By Adam Bitely -
As the federal debt approaches $15 trillion in 2011, and Obama himself admits (even though his rhetoric does not match his action) that Washington can’t afford to spend money on everything it wants to do, an idea is floating around D.C. to provide Internet access across the entire nation.
This is not a joke. Some in Washington, including Obama, believe that the government should now be in the business of providing Internet access to all Americans.
We’re not sure if these folks are aware that Internet is already available to all Americans. Obama himself admits that two-thirds of all Americans have Internet access in their homes. Those that don’t have Internet directly at home have various options to obtain it. If Americans don’t want to pay for access at home, they can go to Starbucks, McDonald’s, Panera Bread, as well as a host of other locations including public libraries, where Internet is readily available.
If anything, there is no deficit of Internet access points, but rather, a surplus.
In an era where bloated government budgets are in dire need of a trim, ideas such as the one to use taxpayer funds to deliver Internet to everyone’s homes are ridiculous — and should be treated as such.
Why do we need government to use our money to deliver Internet to us?
Internet Service Providers (ISP’s) have done a great job at providing a widely demanded service to willing customers. The private sector has met and continues to meet the needs of those in the marketplace.
But in a town like Marquette, Michigan, the city provides Internet throughout its borders. Government offices and students can access the net for free, while city residents can get access for a fee. While Obama might think the system in Marquette is the future, the notion that the government is needed to provide a service that the private sector can do much more efficiently is a notion of the past.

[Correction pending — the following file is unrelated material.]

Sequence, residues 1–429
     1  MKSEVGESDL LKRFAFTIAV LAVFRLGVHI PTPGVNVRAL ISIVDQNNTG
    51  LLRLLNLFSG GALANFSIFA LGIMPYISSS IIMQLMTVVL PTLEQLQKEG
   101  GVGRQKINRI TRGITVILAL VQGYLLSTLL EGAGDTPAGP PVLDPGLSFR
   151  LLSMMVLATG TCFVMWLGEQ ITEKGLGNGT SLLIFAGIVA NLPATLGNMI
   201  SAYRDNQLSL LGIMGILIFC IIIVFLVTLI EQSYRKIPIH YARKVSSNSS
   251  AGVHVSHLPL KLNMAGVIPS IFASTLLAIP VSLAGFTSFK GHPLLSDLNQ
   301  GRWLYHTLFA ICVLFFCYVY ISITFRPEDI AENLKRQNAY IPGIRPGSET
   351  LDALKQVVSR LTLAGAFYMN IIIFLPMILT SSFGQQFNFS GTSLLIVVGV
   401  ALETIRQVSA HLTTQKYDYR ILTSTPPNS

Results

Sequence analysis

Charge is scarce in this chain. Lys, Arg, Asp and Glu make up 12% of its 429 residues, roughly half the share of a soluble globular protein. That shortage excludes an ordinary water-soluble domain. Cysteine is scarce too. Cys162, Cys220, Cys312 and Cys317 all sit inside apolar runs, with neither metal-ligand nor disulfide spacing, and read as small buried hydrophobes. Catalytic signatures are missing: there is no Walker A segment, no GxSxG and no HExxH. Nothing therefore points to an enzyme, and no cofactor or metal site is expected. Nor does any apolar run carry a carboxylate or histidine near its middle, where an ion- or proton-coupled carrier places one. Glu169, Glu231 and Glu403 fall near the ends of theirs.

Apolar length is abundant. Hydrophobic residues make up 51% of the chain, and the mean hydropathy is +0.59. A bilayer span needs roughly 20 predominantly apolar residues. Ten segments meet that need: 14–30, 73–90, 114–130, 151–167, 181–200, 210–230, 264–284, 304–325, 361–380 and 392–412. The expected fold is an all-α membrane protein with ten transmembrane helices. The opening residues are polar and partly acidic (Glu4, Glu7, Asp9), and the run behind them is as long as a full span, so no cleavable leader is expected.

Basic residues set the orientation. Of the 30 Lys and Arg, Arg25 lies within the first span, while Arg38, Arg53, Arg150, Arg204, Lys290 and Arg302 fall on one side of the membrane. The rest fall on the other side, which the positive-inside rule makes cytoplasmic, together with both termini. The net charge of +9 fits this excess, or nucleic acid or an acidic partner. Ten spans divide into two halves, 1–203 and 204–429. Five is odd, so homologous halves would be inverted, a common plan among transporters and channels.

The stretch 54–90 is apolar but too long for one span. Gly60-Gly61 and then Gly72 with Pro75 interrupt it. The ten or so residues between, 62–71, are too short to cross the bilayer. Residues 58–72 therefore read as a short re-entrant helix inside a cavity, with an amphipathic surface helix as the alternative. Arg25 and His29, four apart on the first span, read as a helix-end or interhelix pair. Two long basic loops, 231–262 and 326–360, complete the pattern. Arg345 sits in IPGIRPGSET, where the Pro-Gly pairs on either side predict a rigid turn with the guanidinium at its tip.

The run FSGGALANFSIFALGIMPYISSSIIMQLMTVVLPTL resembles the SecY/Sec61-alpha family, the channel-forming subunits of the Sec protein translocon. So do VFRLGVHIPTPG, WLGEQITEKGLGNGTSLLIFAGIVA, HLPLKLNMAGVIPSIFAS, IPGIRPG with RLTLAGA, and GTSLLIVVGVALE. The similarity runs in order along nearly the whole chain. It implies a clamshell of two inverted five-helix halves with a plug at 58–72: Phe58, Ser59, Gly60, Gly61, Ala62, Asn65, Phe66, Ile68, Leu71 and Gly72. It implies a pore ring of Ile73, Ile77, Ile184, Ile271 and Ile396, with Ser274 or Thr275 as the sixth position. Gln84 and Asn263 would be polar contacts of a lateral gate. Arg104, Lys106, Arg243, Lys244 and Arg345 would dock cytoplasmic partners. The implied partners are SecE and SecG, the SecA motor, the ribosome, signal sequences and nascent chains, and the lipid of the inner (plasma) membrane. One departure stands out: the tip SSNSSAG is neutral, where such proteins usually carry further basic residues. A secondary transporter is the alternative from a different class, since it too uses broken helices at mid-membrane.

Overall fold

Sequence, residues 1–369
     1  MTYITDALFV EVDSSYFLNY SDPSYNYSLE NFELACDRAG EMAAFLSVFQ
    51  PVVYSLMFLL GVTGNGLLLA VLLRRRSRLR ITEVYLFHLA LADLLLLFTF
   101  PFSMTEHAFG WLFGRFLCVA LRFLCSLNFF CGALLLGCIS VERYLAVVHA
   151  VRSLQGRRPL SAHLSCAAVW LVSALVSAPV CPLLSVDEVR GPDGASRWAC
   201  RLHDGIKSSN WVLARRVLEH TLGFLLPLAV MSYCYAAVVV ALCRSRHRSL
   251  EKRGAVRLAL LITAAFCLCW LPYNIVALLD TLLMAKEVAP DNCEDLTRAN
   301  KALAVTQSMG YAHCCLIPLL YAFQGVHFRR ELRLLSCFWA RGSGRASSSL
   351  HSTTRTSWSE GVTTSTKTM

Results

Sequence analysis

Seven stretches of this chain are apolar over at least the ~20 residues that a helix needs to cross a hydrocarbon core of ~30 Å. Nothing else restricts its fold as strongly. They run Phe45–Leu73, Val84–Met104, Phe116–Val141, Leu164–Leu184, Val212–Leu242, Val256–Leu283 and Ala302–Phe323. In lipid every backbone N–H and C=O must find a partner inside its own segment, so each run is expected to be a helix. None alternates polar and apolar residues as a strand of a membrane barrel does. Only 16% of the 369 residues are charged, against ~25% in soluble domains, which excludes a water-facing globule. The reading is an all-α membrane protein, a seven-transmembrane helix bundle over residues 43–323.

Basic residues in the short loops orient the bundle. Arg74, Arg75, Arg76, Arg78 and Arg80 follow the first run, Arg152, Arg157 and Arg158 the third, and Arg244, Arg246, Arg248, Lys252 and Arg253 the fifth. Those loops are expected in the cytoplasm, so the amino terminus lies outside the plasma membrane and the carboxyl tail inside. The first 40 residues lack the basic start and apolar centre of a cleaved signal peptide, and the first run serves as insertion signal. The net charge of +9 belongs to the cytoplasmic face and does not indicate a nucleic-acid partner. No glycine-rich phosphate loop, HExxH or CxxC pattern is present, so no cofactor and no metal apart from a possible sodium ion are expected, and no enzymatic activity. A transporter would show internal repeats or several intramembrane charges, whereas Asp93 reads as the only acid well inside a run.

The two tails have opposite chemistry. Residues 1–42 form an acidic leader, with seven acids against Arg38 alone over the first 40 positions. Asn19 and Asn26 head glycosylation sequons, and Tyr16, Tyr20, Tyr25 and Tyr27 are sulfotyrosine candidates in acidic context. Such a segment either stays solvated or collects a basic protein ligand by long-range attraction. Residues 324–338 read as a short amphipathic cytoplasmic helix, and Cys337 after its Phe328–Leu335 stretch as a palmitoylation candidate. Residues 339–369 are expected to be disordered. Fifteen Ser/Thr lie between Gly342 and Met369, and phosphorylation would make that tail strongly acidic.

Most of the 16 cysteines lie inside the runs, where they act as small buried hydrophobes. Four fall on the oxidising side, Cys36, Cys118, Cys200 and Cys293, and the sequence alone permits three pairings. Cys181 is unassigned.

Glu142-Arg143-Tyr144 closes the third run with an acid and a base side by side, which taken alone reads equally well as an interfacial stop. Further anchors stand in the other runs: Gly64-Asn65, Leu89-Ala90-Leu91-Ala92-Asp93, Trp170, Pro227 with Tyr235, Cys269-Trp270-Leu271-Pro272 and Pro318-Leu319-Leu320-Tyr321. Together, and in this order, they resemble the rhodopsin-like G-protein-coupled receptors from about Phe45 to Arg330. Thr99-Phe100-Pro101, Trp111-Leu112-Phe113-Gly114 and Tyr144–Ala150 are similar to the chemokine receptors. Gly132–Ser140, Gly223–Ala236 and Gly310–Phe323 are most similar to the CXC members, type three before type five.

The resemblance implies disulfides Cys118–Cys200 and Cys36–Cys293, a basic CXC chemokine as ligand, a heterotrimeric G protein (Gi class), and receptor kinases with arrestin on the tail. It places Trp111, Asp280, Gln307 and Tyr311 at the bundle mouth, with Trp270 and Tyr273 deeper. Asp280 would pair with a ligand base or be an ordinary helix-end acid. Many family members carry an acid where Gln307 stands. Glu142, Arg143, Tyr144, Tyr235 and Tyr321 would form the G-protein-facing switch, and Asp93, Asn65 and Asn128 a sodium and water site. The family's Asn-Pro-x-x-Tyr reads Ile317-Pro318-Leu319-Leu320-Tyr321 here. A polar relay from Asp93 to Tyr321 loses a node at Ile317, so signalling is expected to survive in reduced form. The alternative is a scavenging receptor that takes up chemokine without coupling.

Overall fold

It was not the government that suggested that Panera, McDonald’s, or Starbucks should provide Internet to customers; it was the private sector being innovative, seeking to provide willing customers with a service that they demanded. No government intervention was needed to force private companies like Verizon or Comcast to connect two-thirds of Americans to the Internet. And no government intervention is needed to deliver Internet access to the remaining third of Americans without it.
Contrary to what your elementary teacher may have taught you, there is such thing as a bad idea. And the idea that the government is needed to deliver Internet access to Americans is an example of a very bad idea.
If the market for Internet is left unmolested by the Federal Government, willing customers will eventually get the services that they demand. If the government is capable of leaving Internet access alone, that will ensure that the other two-thirds of the nation doesn’t have to unwillingly subsidize everyone else’s access to the Internet.